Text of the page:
MTV: What did you bring with you? It looked like you were handing out stickers.
HoustonSpider: I had a little Spider-Bucket, and I was carrying around little Spider-Man toys and stickers. Oddly enough, one of those kids ran up to me with a Crayola marker and asked me for my autograph. So I was giving autographs as Spider-Man, and the autographs turned into, "Sign my shirt! Sign my arm!" I signed probably 50 kids throughout the day, and I was giving little Spidey tattoos all day long. I'd draw a little spider.
MTV: The parents in that video seemed really thrilled as well.
HoustonSpider: They were extra thrilled because it was washable marker.
MTV: In these situations, it seems like everyone just wants to find a way to help.
HoustonSpider: Before I was able to make it out as Spider-Man, my dad sent me a text to check in on me because he had been watching videos of the floods. He texted, "Thank god for rednecks." We're from East Texas, where there's a big redneck culture, and just seeing people out on their fishing boats, helping people, I just wanted to do something.
I saw all these people doing so much, and I don't have a boat, but I do have a suit. Spider-Man is an iconic hero, and he really exemplifies the common man. He's such a regular, everyday person with regular, everyday person problems, and he deals with it through wit and humor. He's funny, and he's nice, so I wanted to take that to the shelter and make some people smile.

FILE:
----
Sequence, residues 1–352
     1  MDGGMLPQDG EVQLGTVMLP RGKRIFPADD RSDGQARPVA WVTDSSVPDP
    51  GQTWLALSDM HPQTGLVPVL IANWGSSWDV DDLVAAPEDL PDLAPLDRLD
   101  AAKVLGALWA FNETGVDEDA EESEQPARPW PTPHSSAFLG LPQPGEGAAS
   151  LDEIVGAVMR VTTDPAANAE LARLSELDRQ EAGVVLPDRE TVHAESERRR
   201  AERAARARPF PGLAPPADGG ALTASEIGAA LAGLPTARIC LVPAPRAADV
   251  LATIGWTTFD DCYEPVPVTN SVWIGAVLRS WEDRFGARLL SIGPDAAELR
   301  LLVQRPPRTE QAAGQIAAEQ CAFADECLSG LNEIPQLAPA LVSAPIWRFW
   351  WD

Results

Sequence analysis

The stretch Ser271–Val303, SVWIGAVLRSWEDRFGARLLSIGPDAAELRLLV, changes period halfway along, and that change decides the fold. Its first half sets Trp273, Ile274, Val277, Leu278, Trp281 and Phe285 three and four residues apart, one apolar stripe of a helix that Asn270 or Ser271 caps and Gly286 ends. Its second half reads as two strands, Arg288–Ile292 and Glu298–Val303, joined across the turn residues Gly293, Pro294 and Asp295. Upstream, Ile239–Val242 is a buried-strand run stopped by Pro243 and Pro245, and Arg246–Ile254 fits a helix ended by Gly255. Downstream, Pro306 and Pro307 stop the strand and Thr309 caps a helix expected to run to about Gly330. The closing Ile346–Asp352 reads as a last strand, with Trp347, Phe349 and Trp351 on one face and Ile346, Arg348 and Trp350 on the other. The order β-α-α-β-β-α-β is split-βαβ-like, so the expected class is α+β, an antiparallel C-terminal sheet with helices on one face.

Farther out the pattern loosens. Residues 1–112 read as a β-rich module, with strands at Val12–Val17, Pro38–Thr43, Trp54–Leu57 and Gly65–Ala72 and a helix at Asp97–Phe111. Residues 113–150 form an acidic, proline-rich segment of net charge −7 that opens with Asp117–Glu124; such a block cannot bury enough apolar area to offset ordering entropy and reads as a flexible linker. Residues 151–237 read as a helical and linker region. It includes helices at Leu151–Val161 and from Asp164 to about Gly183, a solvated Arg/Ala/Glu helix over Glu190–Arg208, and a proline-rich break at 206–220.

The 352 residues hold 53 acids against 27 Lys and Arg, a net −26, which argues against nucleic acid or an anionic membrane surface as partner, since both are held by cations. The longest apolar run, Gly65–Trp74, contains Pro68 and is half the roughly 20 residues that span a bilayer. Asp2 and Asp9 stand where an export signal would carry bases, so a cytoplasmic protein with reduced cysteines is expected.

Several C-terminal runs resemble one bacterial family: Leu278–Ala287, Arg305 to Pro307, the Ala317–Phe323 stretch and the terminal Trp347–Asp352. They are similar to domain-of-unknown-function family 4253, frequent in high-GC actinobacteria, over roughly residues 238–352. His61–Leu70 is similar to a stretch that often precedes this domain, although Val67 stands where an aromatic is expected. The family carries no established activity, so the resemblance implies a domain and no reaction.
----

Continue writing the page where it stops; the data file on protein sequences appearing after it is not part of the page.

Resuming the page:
MTV: Not only are you putting smiles on kids' faces, but you're also taking their minds off the devastation around them, even if just for a moment.
HoustonSpider: I saw a really wide age group of kids there, and they don't seem to fully grasp the severity of the situation, which I think is a blessing. They were pretty positive for the most part. For them, it's a fun, weird adventure. They were running around, playing with each other, making friends, and being so optimistic and so inspirational. Everyone else was thinking about what they needed to do to get to the end of the day, but the kids were running around being kids and getting tattooed by Spider-Man. It really gives you hope when you see the positivity that they're bringing.
MTV: For you, what's the key to being Spider-Man?
HoustonSpider: You have to have fun. If you're not having fun, then no one else is going to have fun. Even when I had my first suit, which was this terrible Halloween costume that I bought for $50, I was having fun. I put my personality into the character, and it made it real. That's what really makes Spider-Man: his personality, or her personality. I had a couple of kids at the convention center who kept sneaking up behind me to try and take my mask off. They would tug at my suit. I'm pretty sure that I convinced at least 90 percent of them that I was really Spider-Man, so it was a good day.
MTV: You've said that you're Texas Strong, born and raised. How are people feeling right now?
HoustonSpider: People are hurting, but at the same time, most people seem to be asking, "How can I help?" There was such a long line getting into George R. Brown because so many people just wanted to help and volunteer in any way they could. That says a lot to Houston's character and to the character of Texans in general. We must be the ones who invented the phrase, "If you get kicked off a horse, you just get right back on it." That's the kind of attitude that you can expect from the people of Houston.
This interview has been edited and condensed for clarity.